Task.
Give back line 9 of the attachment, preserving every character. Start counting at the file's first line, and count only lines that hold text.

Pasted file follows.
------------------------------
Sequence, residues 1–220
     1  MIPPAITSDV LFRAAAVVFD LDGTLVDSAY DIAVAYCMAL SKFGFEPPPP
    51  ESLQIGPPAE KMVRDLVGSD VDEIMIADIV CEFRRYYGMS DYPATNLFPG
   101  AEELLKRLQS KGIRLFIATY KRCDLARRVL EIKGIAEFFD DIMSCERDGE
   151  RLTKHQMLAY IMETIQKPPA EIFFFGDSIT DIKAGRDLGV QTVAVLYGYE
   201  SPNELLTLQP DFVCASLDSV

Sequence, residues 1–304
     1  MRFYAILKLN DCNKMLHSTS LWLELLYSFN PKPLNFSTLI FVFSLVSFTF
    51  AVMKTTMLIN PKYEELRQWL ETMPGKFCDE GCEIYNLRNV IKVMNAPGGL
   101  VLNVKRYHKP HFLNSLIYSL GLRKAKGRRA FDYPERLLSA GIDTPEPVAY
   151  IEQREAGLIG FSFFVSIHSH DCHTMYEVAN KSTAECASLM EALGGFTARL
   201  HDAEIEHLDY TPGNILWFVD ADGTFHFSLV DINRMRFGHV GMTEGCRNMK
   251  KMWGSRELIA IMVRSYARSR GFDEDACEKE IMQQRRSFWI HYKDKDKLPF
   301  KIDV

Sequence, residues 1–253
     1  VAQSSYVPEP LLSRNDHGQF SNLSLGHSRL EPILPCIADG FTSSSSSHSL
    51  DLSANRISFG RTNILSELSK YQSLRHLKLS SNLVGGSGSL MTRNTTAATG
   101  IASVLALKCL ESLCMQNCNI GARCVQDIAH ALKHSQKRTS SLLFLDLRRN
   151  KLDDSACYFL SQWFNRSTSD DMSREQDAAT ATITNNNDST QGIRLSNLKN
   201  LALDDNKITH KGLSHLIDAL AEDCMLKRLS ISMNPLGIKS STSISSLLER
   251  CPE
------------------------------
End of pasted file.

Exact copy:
    51  AVMKTTMLIN PKYEELRQWL ETMPGKFCDE GCEIYNLRNV IKVMNAPGGL